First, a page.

The world isn’t even possible without mobile phones in the present. It is a fact that smartphones are among the most efficient tools available at the present. It can perform multiple tasks, from making calls, messaging photographs, emailing videos, browsing the web downloading social media, setting appointments, setting alarms… basically, the phone controls our lives. Therefore, it’s not surprising that we can spend many hours and hours working on it every day.
Here’s a look at the negative effects of cell phone use on our health, as well as related diseases of the new age and terms that are commonly utilized in the present.
Our heads weigh anywhere from 4 and 5 kilograms but when we turn them downwards around 15-60 degrees to check smartphones, the actual weight of our necks rises to around 12kg at 30 degrees and then increases to 27kg at 60 °!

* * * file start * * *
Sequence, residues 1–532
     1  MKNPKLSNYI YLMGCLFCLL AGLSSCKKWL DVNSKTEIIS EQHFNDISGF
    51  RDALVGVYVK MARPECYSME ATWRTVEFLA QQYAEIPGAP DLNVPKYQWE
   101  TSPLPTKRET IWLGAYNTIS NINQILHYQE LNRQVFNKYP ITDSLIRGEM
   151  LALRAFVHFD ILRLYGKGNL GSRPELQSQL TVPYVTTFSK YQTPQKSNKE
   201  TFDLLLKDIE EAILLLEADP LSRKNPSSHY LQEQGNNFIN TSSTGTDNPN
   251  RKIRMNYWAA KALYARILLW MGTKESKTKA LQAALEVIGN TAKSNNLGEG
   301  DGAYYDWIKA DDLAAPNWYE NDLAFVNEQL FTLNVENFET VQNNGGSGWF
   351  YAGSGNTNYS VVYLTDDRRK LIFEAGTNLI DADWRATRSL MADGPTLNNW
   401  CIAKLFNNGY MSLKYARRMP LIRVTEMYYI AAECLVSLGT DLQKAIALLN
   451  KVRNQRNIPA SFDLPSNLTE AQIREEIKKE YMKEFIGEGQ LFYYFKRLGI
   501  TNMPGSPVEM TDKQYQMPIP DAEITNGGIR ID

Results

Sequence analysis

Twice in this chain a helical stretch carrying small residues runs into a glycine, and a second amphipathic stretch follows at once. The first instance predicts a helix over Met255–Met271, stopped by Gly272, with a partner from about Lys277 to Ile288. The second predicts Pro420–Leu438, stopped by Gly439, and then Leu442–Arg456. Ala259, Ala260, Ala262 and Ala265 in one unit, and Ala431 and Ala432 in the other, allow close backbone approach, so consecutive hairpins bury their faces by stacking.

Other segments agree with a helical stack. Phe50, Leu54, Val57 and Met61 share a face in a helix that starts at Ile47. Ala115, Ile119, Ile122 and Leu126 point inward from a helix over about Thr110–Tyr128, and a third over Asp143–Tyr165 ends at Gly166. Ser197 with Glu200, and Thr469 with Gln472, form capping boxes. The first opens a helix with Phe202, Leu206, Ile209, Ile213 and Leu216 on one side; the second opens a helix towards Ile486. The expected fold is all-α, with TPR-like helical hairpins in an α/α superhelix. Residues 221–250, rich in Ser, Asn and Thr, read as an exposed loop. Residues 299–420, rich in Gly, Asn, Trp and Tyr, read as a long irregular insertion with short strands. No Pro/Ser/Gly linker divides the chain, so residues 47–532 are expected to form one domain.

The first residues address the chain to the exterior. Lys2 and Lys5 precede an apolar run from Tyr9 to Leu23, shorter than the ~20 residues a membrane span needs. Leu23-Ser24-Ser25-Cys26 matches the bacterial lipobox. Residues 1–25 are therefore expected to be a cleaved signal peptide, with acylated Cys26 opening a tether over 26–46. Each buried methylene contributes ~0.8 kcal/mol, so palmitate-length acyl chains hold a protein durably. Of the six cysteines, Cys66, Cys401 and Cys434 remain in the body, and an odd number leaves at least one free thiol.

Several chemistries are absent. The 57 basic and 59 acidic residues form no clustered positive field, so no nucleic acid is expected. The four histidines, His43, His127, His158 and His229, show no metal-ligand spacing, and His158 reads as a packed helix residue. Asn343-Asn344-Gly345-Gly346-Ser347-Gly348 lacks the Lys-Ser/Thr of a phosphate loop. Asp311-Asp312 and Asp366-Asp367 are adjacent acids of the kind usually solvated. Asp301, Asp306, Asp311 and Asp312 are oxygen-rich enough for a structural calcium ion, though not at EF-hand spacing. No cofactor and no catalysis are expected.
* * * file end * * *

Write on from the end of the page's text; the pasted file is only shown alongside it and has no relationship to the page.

With smartphones users spend an average of 4 hours per working with heads lowered down, which results to “700 to 1,400 hours a year of excess stress seen on the cervical spine” imagine putting an additional weight of 15 to 20 kgs around your neck for up to 4-5 hours every day! !.
Text neck is a new age-related disease that results from this that causes head neck pain, neck pain, and even arm discomfort and Numbness.
Solution: Make use of mobile stands/holders to ensure that neck and head bending can be minimized or eliminated.
Perform stretching exercises by slowly moving the head back to the extent it will go, and holding it for five seconds before slowly returning to a straight position. It is recommended to do this every 20 minutes when using mobile phones from a position of the head down.